At a complex of 12 apartments on Whittier in Detroit, all of the meter boxes had been opened and rigged with wires that span the bare connectors and allow power to flow into the units without being measured.
"That's 240 volts going through wires that are barely heavy enough to power a light switch," says Johnson, whose 61-man crew dismantles up to 500 illegal hookups a day. "If someone brushes up against that box, they're gone."
A few blocks away on Kilbourne, a 14-gauge wire runs from a utility pole into a tumble-down home that appears to be barely habitable. The wire snakes across piles of garbage and brush in the backyard before slipping through a hole in the exterior wall.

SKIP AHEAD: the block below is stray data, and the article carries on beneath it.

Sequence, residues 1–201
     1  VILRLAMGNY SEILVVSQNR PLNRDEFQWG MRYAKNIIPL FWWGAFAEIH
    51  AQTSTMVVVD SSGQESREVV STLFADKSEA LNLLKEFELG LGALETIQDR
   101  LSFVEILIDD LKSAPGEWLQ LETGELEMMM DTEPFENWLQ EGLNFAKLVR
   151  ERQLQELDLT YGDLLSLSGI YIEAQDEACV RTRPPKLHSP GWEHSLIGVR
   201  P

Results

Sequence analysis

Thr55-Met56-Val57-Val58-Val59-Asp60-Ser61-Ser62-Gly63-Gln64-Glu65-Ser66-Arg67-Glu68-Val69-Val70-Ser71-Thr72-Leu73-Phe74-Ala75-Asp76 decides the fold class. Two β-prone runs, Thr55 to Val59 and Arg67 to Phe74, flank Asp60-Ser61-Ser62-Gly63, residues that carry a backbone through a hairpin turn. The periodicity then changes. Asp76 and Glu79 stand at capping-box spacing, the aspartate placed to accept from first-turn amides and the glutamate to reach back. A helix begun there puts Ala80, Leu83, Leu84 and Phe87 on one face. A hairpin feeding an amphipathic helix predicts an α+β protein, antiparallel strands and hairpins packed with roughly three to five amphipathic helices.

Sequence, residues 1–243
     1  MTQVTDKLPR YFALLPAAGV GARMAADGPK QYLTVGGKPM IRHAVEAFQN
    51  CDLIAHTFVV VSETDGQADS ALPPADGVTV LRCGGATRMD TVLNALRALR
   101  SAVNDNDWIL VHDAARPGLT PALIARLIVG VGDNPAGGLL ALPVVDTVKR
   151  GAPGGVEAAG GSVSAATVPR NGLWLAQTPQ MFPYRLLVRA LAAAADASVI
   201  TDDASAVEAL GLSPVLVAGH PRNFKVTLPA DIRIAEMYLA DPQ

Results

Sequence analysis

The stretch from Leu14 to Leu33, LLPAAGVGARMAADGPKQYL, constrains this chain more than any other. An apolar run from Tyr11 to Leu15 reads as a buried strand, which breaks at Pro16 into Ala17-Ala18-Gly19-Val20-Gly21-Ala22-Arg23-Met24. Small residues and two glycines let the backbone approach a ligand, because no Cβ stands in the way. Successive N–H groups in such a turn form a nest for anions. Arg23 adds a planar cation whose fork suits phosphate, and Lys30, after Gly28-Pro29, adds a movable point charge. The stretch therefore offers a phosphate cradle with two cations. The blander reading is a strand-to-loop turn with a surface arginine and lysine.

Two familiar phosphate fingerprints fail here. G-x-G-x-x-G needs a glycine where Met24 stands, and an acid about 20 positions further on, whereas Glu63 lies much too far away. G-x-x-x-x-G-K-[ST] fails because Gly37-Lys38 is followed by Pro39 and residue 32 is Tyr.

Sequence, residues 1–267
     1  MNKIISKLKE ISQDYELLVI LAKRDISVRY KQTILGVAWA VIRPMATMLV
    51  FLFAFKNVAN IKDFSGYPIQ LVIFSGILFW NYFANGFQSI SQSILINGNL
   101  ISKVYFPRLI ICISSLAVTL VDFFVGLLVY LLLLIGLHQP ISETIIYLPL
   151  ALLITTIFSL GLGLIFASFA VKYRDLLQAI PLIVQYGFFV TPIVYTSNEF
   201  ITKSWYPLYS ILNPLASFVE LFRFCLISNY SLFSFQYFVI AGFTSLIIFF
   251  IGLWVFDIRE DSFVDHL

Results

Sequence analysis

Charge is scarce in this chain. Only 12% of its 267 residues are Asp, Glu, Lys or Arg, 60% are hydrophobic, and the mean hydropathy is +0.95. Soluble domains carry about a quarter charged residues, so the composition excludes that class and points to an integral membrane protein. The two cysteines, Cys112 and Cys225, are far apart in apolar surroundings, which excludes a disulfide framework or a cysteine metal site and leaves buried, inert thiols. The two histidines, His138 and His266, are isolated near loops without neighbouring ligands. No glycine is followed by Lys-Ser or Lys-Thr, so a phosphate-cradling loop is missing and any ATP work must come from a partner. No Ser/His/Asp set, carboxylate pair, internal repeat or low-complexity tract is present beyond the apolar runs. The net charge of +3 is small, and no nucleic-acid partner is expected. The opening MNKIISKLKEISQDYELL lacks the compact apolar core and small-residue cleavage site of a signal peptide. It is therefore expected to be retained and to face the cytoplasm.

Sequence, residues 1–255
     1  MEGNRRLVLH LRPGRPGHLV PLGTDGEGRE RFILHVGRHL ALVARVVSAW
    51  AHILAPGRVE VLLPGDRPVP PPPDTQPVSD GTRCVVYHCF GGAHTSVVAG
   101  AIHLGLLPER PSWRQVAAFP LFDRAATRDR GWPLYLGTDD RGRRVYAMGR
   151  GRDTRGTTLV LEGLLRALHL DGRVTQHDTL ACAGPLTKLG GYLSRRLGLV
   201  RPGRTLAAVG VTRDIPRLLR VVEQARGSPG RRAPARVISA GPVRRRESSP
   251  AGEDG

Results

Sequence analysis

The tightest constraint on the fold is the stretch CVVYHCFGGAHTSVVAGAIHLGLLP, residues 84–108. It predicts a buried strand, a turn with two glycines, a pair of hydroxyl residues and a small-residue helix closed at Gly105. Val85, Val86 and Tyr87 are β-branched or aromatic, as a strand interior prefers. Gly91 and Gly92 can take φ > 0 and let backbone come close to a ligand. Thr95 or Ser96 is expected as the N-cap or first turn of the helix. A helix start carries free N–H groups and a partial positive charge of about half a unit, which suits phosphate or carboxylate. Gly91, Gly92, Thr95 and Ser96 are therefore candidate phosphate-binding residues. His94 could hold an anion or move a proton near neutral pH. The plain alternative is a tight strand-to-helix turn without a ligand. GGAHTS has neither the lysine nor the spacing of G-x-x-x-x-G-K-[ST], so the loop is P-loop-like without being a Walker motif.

It's a fire waiting to happen. If a refrigerator or large space heater kicks on, the load could cause the wire to overheat and ignite any combustible material it contacts.
That's what may have happened in two fatal fires last month in Detroit. On March 4, a home on Bangor Street with an illegal hookup burned down, killing Travion Young, 5; Fantasia Young, 4; and Salena Young, 3. Two weeks later, a flophouse in the Cass Corridor burned, killing boarder Travis Marshall, 26. A witness said the illegal wire strung from the electric pole to the back of the hotel was glowing red before the fire started.
For advocates of the poor, the answer is simple: If DTE would stop disconnecting electric and gas services, the need for illegal hook-ups -- and the fire deaths -- would go away."
- The Detroit News